Ideas for growth session 4: Firm Capabilities

Rocco Machiavello (Warwick University) presented his preliminary research on the financing of coffee washing stations – the type of firms at the 1st stage of processing coffee subsequent to harvesting. His results suggested that farmers within the coffee production chain were credit constrained. Possible remedies could be improving trust between farmers and other firms up the value chain – unit costs of washing stations were associated with higher local trust between parties in the value chain. Possible policy implications are government regulation and management of the types of contracts, downstream buyers paying collateral for the upstream constrained producers, vertical integration and other models.

Nick Bloom (Stanford University) explored the question –‘Are developing countries held back by their management practices?’ Building on much of his body of studies on international management practices data and surveys he explains that management practices have been found to play an important role in economic growth, via increasing the productivity of firms. He carried out a randomised experiment, with the results suggesting that poor management practices may be attributed to competition being restricted in many developing countries (protectionist policies) as well as information on best practices not being available to these local managers. Possible policies to remedy this could be better laws allowing firms to expand, export etc, as well as promotion of trade and FDI which will bring the good management practices to light and pushing better firms to the frontier through competition.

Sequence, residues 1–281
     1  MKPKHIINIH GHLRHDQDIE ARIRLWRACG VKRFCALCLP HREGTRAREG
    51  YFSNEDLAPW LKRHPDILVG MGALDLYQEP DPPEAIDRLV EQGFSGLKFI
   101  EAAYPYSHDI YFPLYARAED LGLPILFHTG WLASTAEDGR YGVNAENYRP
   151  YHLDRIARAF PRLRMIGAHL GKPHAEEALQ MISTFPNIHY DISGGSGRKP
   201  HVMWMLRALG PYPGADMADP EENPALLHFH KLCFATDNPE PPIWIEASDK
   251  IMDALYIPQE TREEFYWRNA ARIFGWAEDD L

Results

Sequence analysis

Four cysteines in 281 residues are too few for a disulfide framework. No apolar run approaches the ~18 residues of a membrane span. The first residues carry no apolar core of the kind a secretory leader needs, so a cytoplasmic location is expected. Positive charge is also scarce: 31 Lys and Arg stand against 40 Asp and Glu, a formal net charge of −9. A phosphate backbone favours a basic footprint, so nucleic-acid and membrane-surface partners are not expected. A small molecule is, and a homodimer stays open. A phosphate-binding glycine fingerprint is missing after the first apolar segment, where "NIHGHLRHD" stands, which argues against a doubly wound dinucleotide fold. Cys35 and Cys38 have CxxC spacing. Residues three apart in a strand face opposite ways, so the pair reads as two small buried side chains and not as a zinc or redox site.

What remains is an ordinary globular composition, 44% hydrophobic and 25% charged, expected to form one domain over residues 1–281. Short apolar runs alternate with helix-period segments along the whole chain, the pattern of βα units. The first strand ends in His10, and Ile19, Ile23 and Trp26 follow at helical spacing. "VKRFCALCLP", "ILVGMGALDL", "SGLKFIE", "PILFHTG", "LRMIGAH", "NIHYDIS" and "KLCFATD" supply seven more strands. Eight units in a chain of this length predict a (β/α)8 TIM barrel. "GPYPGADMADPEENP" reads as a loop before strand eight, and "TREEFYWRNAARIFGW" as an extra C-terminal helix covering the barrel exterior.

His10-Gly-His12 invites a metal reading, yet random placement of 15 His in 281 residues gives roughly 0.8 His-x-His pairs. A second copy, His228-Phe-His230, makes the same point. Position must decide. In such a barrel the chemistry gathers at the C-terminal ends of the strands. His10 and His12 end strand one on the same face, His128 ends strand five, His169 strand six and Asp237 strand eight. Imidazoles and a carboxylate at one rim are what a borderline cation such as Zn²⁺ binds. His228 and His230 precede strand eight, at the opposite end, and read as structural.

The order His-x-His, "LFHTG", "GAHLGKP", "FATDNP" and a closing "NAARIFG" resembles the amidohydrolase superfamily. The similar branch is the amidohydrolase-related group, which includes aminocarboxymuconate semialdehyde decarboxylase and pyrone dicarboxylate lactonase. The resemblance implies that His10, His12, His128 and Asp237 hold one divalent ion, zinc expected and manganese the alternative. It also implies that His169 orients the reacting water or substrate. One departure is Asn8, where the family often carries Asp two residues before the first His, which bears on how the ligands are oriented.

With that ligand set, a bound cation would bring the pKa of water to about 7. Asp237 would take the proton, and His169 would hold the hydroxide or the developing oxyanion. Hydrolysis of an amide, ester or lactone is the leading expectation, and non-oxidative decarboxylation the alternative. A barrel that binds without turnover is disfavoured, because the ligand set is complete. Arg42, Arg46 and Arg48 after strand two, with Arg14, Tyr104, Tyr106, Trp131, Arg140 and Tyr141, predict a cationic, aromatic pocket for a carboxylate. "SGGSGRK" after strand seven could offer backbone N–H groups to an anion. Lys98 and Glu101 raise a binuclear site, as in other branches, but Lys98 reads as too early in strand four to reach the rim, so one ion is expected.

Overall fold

Chris Blattman (Columbia University) presented preliminary results from an on-going study on the effects of industrialisation on workers in Africa. Full results will be available by mid-2014.

In the second half of the session, Chris Woodruff (IGC) discussed the plan for Phase II of IGC’s firm capabilities research programme and a panel discussion ensued. John Sutton (LSE) brought up the dearth of research in 3 areas: the effect of national investment agencies on growth and the particular mechanisms, local content units’ effectiveness and, further investigation in FDI data research at the actual plant level. Khairuzzaman Mozumder (Ministry of Commerce, Bangladesh) highlighted the lack of capacity in firms and in lending institutions as a common restraint to productivity, anti-export biases in policy and a lack of fiscal incentives for firms as well as other regulatory barriers. Sajid Minhas (Delta Garments) also mentioned a lack of sophisticated regulatory framework that differentiates garment manufacturers vs textile ones and the implementation of VAT refunds being lacking. A lack of R&D in technology and management practices was cited as a possible challenge.